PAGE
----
New Jersey Symphony Orchestra opened its 2016-2017 season living large. Former Board Chair Ruth Lipper introduced Bart Feller, Principle in Flute, as now the newly endowed Edda and James Gillen Chair of Flute. The Gillens were on hand and waved to the audience. Mr. Feller is a popular performer and speaker and it is always a happy occasion when great things happen to such excellent people.
Teddy Abrams, wunderkind conductor and composer, lead the opening weekend. A fresh face in classical music, he’s prodigiously gifted, having landed a spot in the prestigious Curtis Institute in Philadelphia when he was only 15. Opening, as is tradition for the season, with the “Star-Spangled Banner”—why don’t more people sing with us?—Abrams afterward gave an excellent précis of why each of the composers was included on the program. Each composer celebrated the music of his particular heritage, yet found when that aspect of self was combined with the love of classical music, each found his unique voice. This was especially meaningful, as we seemed to be surrounded by incidents that highlight who has a voice, and who does not.
Leonard Bernstein’s “On the Town: Three Dance Episodes” was the first featured piece. Not many people know that the famous musical began life as a suite of ballet music, including “The Great Lover,” which is predictably mid-century jazzy and energetic; “Lonely Town: Pas de Deux,” sweepingly full of pathos and passion, as well as deep longing for something more; and finally the iconic “Times Square, 1944,” including one of Bernstein’s most memorable interludes, which Microsoft may have “sampled” at some point.. From there, Act I segued into the sultry rhythms of Astor Piazzolla, the King of Tango, four of whose collected works were arranged by Leonid Desatyinov, at the urging of Gidon Kremer, who commissioned a special work for violin and orchestra, highlighting the connections to Antonio Vivaldi by changing the instrumentation from Piazzolla’s original, which featured the bandoneón, guitar, and piano, as well as the strings. Sarah Chang was the featured soloist on violin and it’s always a thrill to hear her perform. Her verve and energy make an excellent match for the dramatic virtuosity required of the soloist and these pieces show a sense of archness and musical mirth in the quotes from Vivaldi, as the Tango goes for Baroque.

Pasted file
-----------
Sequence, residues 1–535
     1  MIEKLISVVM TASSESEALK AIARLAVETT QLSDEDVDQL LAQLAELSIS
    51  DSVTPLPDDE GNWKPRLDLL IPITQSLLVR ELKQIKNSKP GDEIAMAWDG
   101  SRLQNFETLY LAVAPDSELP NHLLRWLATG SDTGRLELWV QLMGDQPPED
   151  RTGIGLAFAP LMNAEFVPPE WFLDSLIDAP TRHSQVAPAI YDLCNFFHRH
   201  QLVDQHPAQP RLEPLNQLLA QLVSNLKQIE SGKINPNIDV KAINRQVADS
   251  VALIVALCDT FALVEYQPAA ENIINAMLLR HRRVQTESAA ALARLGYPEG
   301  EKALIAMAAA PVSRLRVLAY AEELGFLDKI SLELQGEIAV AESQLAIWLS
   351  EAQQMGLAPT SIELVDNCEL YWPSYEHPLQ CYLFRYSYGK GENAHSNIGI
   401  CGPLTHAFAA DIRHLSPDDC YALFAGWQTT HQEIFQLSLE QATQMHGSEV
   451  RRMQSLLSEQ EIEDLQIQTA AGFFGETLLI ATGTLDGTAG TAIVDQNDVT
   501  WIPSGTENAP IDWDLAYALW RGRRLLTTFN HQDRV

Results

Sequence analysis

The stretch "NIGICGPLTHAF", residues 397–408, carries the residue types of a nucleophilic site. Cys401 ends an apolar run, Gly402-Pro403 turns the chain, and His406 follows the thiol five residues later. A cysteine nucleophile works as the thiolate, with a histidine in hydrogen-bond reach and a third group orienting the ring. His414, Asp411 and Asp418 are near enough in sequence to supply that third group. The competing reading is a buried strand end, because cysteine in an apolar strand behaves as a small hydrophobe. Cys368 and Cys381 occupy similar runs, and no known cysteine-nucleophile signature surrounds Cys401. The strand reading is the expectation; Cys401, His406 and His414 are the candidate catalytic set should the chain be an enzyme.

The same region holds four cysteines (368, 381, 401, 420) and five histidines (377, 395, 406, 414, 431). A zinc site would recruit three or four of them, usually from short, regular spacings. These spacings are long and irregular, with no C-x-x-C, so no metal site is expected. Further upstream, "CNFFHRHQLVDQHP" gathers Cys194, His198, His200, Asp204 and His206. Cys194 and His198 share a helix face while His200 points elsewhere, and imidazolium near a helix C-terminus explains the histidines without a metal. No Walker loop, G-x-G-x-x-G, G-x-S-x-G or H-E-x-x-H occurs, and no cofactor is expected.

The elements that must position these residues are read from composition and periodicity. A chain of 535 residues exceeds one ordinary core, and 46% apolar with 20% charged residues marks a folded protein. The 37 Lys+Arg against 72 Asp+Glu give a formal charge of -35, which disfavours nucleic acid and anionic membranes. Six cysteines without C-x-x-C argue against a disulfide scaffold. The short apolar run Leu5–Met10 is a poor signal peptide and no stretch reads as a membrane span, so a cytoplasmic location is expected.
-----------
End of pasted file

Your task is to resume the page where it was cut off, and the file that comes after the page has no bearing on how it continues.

Maurice Ravel’s “Tzigane,” written for virtuosa Jelly d’Arányi, who had her own original approach, is uniquely well suited to Chang. Utilizing the Phrygian Major mode, the rhythms and patterns take us across the steppes and through a flavor of other romantic composers. Ravel made something so special that Chang herself was transported, unable to keep from dancing her own gajda as she played. The orchestra and the audience were with her every step of the way.
The final piece on the ticket was Aaron Copland’s “Rodeo,” including the evocative “Buckaroo Holiday;” “Corral Nocturne,” where you can practically hear the stars come out; “Saturday Night Waltz,” in which Europe meets the Badlands; and “Hoe-down,” perhaps the most well-known piece. This broadly written bold and husky melody has become best associated with the “Beef, It’s What’s for Dinner” commercial campaign, and I admit that after such a show it certainly seemed we all had a “steak” in what’s to come.
This program had everything to appeal to the newest of NJSO devotees of classical music to the most seasoned music lovers. October brings Xian Xhang and, if you catch the wind just right, you may hear New Jersey hold her breath for Xhang’s arrival. Visit www.njsymphony.org